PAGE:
So, I’m starting my day with a warm coat woven from gratitude and a feeling of nausea and a knowing that I am damn lucky to be here now.

Rain falling in distance from storm clouds over the plain

Gratitude 25

Rain falling in distance from storm clouds over the plain

Gratitude for possibility

Gratitude 25/40

On Friday I cried in the doctor’s office. It was not a polite cry where you dab a tear drop from the corner of your eye. It was more raw, like my lungs were desperately gobbling up air and my vocal cords were too stress to open resulting in a series extended moans. I wasn’t in control, and I felt embarrassed by it and gave the Ear Nose and Throat specialist a thumbs up while wailing.

I’ve been having issues with my voice and speech for more than a month. I’ve gone for scans and tests, all the while hoping it’s not serious. But in moments before my wail, he told me this was neurological. And from the little desk research I’ve done (thanks Ti), it is not good news.

The ENT doctor with his curly grey hair and grey eyes looks at me with tenderness. His face mask is shaped like a duck bill which makes this moment more endearing.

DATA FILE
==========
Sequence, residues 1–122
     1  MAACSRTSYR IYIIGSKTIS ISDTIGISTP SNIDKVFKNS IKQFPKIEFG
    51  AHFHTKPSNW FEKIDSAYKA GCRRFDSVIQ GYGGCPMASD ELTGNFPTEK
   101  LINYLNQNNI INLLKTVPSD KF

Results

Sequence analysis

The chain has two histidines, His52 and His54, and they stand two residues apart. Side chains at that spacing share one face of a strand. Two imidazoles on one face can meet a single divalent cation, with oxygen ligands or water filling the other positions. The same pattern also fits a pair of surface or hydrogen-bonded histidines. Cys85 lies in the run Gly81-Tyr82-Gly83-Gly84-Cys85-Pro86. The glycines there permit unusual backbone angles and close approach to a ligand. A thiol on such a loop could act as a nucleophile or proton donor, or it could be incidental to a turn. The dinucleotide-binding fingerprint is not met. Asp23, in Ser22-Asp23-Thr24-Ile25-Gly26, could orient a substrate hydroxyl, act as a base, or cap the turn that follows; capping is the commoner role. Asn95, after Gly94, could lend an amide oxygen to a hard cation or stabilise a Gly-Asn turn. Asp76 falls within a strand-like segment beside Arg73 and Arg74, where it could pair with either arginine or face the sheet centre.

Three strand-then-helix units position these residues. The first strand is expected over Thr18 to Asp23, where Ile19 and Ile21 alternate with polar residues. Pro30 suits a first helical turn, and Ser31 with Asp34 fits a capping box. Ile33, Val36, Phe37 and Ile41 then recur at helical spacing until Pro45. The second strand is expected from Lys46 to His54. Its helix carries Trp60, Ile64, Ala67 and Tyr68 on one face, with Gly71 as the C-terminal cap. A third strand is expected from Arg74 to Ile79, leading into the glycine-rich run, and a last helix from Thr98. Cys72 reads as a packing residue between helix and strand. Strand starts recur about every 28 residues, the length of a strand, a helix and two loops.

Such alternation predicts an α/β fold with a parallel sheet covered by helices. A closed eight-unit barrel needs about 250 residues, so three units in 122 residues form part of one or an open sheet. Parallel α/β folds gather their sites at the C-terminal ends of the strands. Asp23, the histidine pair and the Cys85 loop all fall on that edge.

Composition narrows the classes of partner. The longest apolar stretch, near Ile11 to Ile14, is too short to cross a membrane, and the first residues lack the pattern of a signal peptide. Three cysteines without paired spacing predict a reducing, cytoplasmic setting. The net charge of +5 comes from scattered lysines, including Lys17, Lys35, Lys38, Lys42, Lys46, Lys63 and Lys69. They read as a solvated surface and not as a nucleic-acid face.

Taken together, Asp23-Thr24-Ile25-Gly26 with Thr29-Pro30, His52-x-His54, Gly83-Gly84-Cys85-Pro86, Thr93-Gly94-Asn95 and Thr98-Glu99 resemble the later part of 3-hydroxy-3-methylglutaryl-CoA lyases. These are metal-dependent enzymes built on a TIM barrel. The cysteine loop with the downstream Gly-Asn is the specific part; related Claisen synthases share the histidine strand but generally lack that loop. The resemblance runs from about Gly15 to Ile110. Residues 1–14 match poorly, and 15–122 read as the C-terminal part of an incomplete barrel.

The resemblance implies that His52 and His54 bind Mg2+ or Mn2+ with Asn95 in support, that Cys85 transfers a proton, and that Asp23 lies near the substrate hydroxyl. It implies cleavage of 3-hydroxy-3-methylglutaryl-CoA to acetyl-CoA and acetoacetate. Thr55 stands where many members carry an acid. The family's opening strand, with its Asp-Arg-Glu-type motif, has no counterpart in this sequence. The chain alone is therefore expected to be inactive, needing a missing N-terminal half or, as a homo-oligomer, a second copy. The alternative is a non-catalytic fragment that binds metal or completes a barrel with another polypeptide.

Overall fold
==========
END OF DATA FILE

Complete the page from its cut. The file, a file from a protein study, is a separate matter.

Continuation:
“Do you have people that care about you in Pittsburgh?” He asks knowing I’m an immigrant.

“I do.” I say.

“Good! While I would like to be your care person, I can’t. But you will need your people now.”

Not only do I need my people, I also need those who can echo-locate me in this darkness. As I drive down the spiraling tar of the parking garage, I leave a voice note for a friend who has MS. MS is one of the many, many possible fists behind this punch.

Her response is soothing. “I know in my own experience how scary this can feel. I am sorry that you are here. You know, I can’t say that I feel hopeful for many things, but I do believe in possibility. I believe in the possibility that whatever comes can be worked with and I want to be there with you.”

Top of pine tree against blue sky

Gratitude 24

Top of pine tree against blue sky

...for all the hands that have helped me.

Gratitude 24/40

(written in November)